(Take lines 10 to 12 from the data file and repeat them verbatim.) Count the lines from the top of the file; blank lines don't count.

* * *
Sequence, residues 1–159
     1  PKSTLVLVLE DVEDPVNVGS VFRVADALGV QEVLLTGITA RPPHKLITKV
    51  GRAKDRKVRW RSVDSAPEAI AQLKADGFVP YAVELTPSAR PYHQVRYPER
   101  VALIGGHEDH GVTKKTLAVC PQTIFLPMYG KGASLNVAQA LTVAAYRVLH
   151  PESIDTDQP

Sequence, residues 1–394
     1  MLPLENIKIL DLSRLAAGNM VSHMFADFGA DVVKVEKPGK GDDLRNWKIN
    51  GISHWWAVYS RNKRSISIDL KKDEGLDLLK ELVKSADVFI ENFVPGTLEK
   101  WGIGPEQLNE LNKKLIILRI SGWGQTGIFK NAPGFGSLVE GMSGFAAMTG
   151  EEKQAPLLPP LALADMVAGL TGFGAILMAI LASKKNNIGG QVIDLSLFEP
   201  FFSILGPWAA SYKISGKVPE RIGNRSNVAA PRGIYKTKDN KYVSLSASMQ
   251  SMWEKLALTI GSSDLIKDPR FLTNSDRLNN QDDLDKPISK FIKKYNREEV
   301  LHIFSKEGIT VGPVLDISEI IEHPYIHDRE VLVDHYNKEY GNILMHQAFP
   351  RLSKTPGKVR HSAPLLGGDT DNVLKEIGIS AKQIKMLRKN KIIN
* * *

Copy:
   151  EEKQAPLLPP LALADMVAGL TGFGAILMAI LASKKNNIGG QVIDLSLFEP
   201  FFSILGPWAA SYKISGKVPE RIGNRSNVAA PRGIYKTKDN KYVSLSASMQ
   251  SMWEKLALTI GSSDLIKDPR FLTNSDRLNN QDDLDKPISK FIKKYNREEV